Athene Holdings has agreed to increase the protections it offers annuity customers in order to secure a New York regulator's approval of its planned acquisition of the British insurer Aviva.
Athene, an affiliate of Apollo Global Management, agreed to implement new safeguards requested by the New York State Department of Financial Services, which has raised concerns over the growing number of private-equity firms that are buying insurance companies. Guggenheim Partners agreed to a similar set of protections last month as part of its planned acquisition of the Sun Life Insurance and Annuity Company of New York.
New York required both Athene and Guggenheim to agree to the new protections in order to secure the regulator's approval of the acquisitions. The enhanced protections are needed because private-equity firms generally seek short-term profit, while annuities are designed to provide long-term security, the agency said in a news release.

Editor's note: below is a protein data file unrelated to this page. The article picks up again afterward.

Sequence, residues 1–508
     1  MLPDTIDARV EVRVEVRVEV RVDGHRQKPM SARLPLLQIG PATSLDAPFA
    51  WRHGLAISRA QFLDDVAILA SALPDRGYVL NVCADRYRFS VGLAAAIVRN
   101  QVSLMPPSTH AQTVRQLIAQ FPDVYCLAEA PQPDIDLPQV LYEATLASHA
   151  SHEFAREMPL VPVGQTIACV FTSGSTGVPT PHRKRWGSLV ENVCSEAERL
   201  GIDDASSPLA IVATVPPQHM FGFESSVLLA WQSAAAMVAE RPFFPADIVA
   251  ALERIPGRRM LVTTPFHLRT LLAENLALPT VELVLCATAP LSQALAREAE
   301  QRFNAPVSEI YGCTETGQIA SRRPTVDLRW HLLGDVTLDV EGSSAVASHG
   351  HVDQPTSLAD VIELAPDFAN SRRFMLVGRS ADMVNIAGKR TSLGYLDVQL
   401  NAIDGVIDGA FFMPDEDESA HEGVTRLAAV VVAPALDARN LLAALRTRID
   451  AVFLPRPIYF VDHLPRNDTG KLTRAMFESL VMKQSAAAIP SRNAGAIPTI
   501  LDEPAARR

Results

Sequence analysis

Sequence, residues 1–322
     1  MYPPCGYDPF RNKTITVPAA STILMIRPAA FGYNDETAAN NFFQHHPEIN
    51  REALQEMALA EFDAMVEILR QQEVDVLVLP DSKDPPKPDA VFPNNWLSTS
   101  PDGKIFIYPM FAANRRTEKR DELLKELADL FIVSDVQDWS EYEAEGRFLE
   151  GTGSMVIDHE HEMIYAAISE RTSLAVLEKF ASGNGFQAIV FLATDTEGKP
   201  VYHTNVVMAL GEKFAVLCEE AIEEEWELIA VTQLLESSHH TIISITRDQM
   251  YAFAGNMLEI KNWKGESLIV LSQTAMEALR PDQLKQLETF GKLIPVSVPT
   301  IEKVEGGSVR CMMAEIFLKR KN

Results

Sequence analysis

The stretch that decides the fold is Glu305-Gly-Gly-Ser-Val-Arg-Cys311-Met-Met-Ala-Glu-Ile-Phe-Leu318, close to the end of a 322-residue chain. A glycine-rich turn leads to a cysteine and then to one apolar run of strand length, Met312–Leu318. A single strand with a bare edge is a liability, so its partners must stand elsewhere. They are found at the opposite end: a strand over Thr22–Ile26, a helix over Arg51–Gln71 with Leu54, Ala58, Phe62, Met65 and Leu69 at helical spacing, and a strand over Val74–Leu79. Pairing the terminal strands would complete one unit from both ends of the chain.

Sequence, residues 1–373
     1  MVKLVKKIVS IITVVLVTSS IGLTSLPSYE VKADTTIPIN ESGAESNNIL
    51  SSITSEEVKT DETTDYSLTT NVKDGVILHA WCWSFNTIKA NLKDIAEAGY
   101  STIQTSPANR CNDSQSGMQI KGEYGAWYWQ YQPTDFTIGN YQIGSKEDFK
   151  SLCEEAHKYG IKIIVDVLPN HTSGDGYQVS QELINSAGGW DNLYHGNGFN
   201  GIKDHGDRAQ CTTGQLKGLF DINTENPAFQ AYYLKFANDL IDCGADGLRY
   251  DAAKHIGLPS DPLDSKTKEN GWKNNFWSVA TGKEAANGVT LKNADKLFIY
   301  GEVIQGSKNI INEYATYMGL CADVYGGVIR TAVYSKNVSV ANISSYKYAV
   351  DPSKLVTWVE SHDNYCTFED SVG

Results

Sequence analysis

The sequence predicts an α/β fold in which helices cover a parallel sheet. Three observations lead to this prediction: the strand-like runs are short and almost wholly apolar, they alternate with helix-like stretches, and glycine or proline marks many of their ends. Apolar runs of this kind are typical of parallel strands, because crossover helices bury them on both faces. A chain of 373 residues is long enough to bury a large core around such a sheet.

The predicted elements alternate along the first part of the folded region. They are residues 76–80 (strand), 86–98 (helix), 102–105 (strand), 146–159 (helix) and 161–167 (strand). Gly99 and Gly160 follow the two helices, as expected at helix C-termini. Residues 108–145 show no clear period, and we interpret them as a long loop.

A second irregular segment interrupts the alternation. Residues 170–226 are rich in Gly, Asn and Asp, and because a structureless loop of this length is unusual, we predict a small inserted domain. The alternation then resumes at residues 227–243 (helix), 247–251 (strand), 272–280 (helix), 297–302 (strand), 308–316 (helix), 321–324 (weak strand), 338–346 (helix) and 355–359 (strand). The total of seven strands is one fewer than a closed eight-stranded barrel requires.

"We've worked to build a new model for policyholder protections that will help address the emerging trend of private equity firms and other investment companies entering the annuity business," Benjamin Lawsky, superintendent of the Department of Financial Services, said in the news release. "When it comes to these sorts of deals we need to ensure we are putting retirees who depend on these annuities first."
The safeguards that Athene agreed to put in place include holding higher risk-based capital levels, establishing a $35 million backstop trust, submitting plans for any material changes to the DFS for approval and filing reports with the regulator quarterly, rather than annually, as New York law requires.
Several large banks, including Wells Fargo (WFC) and BB&T (BBT), have bought insurance-related businesses in recent years, and annuity sales are a significant part of many banks' wealth management offerings.